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A moment's rest

Whatever your fancy,
Monterey has a place to unwind

Visitors watch sea nettles at the Monterey Bay Aquarium.

Don't want to go far and don't care about literary stimulation? Monterey Bay has plenty to offer, from more than 15 state parks and beaches just around the bay itself, to the world famous Monterey Bay Aquarium, to dozens of golf courses (can you say "Pebble Beach"?).

The surf on the bay offers swimming, fishing, surfing, diving, sailing or just plain lazing around, and the entire coast, from San Francisco through Monterey to Cambria in San Luis Obispo County, makes up the Monterey Bay National Marine Sanctuary, the largest such sanctuary in the world.

The gateway to the sanctuary
Silent Serenity.
Go behind the glass at
the Monterey Bay Aquarium:
movie icon1.2Mb/38 sec. QuickTime
movie icon3.9Mb larger frame version
is the Monterey Bay Aquarium (886 Cannery Row). Visitors to the aquarium come face to face with more than 350,000 water creatures in exhibits including a million-gallon indoor ocean, a three-story kelp forest, and re-creations of shallow tide pools.

In nearby Pacific Grove, the West Coast's oldest still-active lighthouse shines from the northernmost tip of Monterey Peninsula. Point Pinos light was constructed in 1855, and is surrounded by a golf course.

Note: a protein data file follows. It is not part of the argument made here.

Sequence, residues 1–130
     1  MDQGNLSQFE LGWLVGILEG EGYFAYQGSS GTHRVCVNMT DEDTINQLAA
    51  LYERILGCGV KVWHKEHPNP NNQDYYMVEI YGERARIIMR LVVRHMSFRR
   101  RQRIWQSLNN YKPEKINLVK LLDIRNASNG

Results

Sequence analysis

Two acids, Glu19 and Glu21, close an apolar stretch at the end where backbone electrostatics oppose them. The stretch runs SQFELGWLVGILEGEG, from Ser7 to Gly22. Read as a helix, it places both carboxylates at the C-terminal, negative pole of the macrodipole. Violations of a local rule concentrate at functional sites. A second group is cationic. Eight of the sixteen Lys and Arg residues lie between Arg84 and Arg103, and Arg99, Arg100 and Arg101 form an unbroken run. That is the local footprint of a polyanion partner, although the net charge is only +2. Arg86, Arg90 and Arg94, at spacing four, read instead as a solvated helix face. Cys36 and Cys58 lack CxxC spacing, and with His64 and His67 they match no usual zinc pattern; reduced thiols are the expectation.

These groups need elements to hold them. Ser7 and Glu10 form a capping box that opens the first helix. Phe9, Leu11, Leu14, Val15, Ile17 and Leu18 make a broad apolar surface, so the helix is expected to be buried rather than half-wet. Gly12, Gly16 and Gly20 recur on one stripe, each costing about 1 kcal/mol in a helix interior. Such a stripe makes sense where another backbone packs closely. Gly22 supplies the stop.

Pacific Grove has gained the nickname "Butterfly Town" because thousands of orange and black Monarch butterflies spend the winter there. The Butterfly Sanctuary is located on Ridge Road near Lighthouse Avenue.

The Maritime Museum of Monterey (5 Custom House Plaza) houses extensive exhibits of the seafaring history of the West Coast. The museum is associated with the Monterey History and Art Association.

The aquarium's kelp forest is three stories tall.

Still more history lives at Colton Hall (Madison and Pacific Streets), now a museum, where California's first constitutional convention was held in 1849. Admission is free.

Monterey's rich history can be traced easily on the Path of History. The two-mile walking tour passes more than three dozen noted sites, including Fisherman's Wharf, once the center of Monterey's booming shipping trade and now a collection of shops and restaurants. You can follow the path yourself -- using the tile sidewalk markers -- or take a guided tour from the State Park Visitors Center at the Maritime Museum (For information, call (408) 649-7118).

Next door in Carmel, where actor Clint Eastwood once served as mayor, Monterey State Historic Park features museums and early displays of California's history. Carmel itself sets the standard for seaside village quaint -- save for the hordes of tourists on its narrow, shaded sidewalks.



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Photos courtesy Monterey Peninsula Visitor & Convention Bureau, © 1997 Monterey Bay Aquarium

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